“Just a bag of regulars will be fine.” Goda had made her way over to the counter and tossed the sweets between them.
But the man made no move to open any cash drawer that Kanna could see. He crossed his arms. “Well, you know these are expensive, and I’m not giving you any discounts, since you’ve already robbed me plenty. On top of that, you barge in here dressed like that, with the audacity to bring some foreign slave as your tag-along. What do you take me for, a fool?” Still, he looked nervously past Goda and towards the entrance. “Why did you lock the door?”
Goda reached deep into her pocket and pulled out a fistful of something. The man recoiled in spite of his curious look, but as soon as Goda opened her hand, some light petals fluttered onto the counter-top, like a sprinkling of confetti.
The stranger’s eyes widened. He glanced at the window, as if to make sure no one from the outside had been peering into the shop, then he reached for the Flower and quickly brushed it into his lap. “Fine, fine!” he said. “But don’t think this is enough to cover all the inconvenience you’ve caused me over the years.”
“That’s unfortunate,” Goda said with a weird smirk. “I’ve been looking to settle debts lately.” She opened the bag of sweets while she walked back towards the door, and she reached inside to grab a tiny morsel. As she passed by, she pressed the piece of candy to Kanna’s lips. Without thinking—still confused by the whole exchange—Kanna opened her mouth and let Goda slip it inside.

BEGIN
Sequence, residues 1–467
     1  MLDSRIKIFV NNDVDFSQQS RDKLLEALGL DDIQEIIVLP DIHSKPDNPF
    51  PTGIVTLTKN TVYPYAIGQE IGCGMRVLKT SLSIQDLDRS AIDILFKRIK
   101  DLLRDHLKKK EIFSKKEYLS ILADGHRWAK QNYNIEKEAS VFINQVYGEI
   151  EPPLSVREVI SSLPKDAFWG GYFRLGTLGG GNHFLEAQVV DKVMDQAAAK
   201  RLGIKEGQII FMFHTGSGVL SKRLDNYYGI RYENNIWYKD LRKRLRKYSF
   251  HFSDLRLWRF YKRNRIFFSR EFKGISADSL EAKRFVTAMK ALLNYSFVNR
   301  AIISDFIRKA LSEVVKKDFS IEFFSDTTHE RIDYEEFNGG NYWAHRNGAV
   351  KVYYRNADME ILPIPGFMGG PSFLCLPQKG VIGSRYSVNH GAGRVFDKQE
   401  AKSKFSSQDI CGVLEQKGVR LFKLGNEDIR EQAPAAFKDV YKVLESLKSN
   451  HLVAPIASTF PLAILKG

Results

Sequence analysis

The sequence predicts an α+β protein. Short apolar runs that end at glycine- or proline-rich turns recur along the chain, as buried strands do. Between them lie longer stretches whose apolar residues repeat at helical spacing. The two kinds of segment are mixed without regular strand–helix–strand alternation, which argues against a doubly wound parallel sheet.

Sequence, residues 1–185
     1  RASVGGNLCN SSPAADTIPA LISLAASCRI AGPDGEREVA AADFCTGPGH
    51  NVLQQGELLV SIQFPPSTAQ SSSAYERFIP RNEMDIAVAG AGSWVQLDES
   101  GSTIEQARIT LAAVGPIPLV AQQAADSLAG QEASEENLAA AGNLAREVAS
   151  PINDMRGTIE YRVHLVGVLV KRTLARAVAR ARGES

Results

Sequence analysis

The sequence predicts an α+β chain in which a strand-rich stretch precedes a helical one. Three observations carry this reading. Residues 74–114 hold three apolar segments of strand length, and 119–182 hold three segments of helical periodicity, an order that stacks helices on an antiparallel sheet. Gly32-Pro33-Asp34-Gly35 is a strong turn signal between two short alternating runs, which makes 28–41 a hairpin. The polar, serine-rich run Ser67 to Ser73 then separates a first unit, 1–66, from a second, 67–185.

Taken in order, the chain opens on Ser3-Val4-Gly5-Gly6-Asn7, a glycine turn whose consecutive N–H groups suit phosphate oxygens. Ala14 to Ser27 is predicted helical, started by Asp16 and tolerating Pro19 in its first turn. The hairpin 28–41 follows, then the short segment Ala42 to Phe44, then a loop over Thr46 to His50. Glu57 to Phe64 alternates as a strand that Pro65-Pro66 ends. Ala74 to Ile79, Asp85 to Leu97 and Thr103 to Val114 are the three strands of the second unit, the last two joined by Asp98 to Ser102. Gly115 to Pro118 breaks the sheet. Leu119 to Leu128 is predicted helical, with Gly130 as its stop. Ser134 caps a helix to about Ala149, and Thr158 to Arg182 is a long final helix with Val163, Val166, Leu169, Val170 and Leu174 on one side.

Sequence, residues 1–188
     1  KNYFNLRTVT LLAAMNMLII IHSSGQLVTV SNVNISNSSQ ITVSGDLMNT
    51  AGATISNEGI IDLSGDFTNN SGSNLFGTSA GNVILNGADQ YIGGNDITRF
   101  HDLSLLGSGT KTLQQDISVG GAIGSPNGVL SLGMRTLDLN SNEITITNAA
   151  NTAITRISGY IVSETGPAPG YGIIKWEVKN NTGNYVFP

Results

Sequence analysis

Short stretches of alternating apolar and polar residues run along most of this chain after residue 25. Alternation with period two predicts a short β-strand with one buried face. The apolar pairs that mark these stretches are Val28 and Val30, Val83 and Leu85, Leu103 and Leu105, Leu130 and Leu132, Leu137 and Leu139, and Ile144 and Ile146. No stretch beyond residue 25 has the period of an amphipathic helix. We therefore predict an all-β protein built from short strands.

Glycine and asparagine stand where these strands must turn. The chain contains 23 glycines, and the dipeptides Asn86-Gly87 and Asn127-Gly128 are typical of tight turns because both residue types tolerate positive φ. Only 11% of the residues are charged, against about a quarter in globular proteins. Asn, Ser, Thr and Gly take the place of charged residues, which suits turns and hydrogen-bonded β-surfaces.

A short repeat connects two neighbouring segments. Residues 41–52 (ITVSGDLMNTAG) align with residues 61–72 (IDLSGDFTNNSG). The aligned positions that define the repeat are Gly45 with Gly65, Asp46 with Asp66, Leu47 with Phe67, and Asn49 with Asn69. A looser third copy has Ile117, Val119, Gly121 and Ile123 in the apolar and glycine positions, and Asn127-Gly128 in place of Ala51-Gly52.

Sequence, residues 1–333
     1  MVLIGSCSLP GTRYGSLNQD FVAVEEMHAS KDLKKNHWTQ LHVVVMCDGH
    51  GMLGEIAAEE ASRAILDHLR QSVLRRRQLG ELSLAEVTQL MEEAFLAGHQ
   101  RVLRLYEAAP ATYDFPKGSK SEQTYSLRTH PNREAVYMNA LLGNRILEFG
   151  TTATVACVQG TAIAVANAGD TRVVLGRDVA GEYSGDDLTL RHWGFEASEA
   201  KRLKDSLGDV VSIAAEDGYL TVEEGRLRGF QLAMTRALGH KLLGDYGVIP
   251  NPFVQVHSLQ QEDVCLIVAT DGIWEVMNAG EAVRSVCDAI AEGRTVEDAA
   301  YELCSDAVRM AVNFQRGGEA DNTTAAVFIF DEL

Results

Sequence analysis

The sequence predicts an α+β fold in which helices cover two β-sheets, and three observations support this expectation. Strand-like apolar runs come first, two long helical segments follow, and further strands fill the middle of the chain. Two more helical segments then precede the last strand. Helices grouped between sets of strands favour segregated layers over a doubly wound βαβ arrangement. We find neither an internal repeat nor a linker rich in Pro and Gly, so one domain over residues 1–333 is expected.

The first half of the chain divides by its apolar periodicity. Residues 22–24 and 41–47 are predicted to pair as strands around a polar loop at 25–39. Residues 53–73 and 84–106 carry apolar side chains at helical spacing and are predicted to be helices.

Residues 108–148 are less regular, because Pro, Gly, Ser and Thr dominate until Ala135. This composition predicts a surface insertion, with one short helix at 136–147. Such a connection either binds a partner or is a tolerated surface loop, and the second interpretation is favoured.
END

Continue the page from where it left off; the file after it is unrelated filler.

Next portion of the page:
It tasted faintly like the green fruit Kanna had eaten, but it was overwhelmed with the kick of mok sugar. It made the back of her mouth burn a little from the sweetness. When Goda put her arm back down, Kanna caught sight of the outline of the bite mark on the back of the giant’s hand for the first time. It was still marked with dried blood and it was obvious in the bright lights of the candy shop. Kanna felt some shame, even as Goda smiled at her with that insufferable serenity.
A memory flashed through Kanna’s mind like a quick spurt of lighting just then—a memory from the first night she and Goda had slept side by side in Jaya’s storage shed.
“You can taste,” Goda had told her in a tone that Kanna had taken to be more flirtatious than literal at the time, “just don’t bite.”
But Kanna did bite.
For some reason, Kanna knew that she would bite again, too—but that it would be for a different reason altogether.